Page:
Hyyppä also examines and comments on the cultural policies of Finnish political parties. After the Perussuomalaiset – True Finns – party presented its manifesto in 2011, stating that contemporary art should not receive any public funding, as only art that ‘strengthens the national identity’ should be funded, other political parties began hastily to revise and update their dusty arts programmes. As it has been proved in international and Finnish medical research that culture definitely has a positive impact on developing society as a whole, political parties cannot afford to ignore dealing with the subject.
In conclusion, Hyyppä states that Finland would certainly benefit from the cultural added value that manifests itself in well-being, health and a longer life spans. When people live longer healthy, the national economy gains massively.
It’s not just opera, ballet and favouring the paintings of the Düsseldorf school that bring you cultural capital and prolong your existence; rock concerts or pottery classes are fine, too. But, notes Hyyppä, being active in politics in your free time, going to church and participating in spectator sports don’t seem to have a similar positive effect, so might it be better not to concentrate on those alone?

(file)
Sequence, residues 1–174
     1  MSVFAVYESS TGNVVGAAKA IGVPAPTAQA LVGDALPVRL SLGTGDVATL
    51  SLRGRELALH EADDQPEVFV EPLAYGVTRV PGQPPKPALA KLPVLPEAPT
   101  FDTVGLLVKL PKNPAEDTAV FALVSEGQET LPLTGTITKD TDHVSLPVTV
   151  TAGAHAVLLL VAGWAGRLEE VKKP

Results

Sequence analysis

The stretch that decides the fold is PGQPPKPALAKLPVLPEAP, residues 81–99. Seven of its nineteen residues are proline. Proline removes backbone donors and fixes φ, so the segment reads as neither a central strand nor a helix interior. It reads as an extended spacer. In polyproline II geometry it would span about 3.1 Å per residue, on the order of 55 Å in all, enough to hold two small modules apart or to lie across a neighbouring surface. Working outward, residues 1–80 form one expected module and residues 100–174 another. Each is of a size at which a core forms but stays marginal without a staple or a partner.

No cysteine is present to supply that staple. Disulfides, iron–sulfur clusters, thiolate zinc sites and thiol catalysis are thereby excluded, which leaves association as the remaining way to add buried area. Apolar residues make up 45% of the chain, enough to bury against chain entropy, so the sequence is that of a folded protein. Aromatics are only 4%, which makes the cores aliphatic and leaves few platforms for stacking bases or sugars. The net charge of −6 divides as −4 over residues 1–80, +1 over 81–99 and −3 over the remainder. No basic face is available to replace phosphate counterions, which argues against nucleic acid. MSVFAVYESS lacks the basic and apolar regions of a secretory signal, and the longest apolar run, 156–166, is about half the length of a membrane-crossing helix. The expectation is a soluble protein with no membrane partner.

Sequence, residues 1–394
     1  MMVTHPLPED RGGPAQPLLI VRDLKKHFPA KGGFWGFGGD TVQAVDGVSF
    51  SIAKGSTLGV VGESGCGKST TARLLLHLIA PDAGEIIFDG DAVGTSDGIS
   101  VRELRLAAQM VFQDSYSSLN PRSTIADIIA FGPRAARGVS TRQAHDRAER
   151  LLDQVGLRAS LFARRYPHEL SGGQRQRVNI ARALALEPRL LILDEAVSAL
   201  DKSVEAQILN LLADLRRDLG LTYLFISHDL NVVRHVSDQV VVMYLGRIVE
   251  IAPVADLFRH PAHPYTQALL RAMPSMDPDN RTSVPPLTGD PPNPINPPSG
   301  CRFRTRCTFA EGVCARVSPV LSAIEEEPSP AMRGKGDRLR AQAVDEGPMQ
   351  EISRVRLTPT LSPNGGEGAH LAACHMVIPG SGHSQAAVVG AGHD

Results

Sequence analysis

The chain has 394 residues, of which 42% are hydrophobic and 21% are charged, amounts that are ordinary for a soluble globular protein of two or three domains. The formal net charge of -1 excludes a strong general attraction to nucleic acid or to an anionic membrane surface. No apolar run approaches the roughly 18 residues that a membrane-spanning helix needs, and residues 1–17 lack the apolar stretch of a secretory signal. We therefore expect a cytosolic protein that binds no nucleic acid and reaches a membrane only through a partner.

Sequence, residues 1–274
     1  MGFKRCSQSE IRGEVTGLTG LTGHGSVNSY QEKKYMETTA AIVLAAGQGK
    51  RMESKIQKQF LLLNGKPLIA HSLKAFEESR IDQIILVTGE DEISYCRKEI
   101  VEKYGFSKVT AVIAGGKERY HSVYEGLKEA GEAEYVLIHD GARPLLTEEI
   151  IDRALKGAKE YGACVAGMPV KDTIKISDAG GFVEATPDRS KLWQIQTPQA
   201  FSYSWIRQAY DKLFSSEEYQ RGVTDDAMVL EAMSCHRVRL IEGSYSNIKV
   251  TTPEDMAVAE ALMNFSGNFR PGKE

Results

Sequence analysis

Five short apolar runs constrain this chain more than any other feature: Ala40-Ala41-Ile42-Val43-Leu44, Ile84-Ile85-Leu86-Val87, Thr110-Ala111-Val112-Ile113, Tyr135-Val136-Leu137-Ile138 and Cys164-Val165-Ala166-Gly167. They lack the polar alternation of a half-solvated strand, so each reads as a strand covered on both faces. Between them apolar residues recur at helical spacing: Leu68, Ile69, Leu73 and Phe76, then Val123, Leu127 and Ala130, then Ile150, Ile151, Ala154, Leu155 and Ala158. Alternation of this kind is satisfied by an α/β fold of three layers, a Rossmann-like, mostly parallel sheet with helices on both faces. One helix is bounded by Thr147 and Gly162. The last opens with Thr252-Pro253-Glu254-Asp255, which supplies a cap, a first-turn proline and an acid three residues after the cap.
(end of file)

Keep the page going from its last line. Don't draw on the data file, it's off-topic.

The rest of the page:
Markku T. Hyyppä
Kulttuuri pidentää ikää
(‘Culture prolongs your life’)
Helsinki: Duodecim, 2013. 132 p.
26 April 2013 | This 'n' that
Hey, design hipsters, wherever you are – after the super-serious focus brought about by Helsinki’s year as World Design Capital 2012, here’s a way to blow off steam.
Written by the comic-strip artist, illustrator and designer Kasper Strömman (born 1974), The Kasper Stromman Illustrated Design Encyclopedia (HuudaHuuda, 2013) consists of a series of post-ironic sound-bites on Finnish material culture.
Strömman was voted Graphic Designer of 2013 in Finland by Grafia (Association of Visual Communication Designers), by a jury that considered him to be a ‘catalyst, challenger and the standup comedian of graphic design’.
His book really is encyclopaedic, with entries ranging from the usual suspects (Artek, Arabia, Iittala) through the iconoclastic (in purist design terms, anyway: Angry Birds, the heteka sofa bed, Nokia gumboots and mobile phones) and the everyday (hapankorppu crispbread, vihreä kuula sweets, the Anttila mail-order catalogue and store) to the just plain wacky (the Aqua Tube disposable toilet roll, the Konrad ReijoWaara bridge, the Superlon mattress).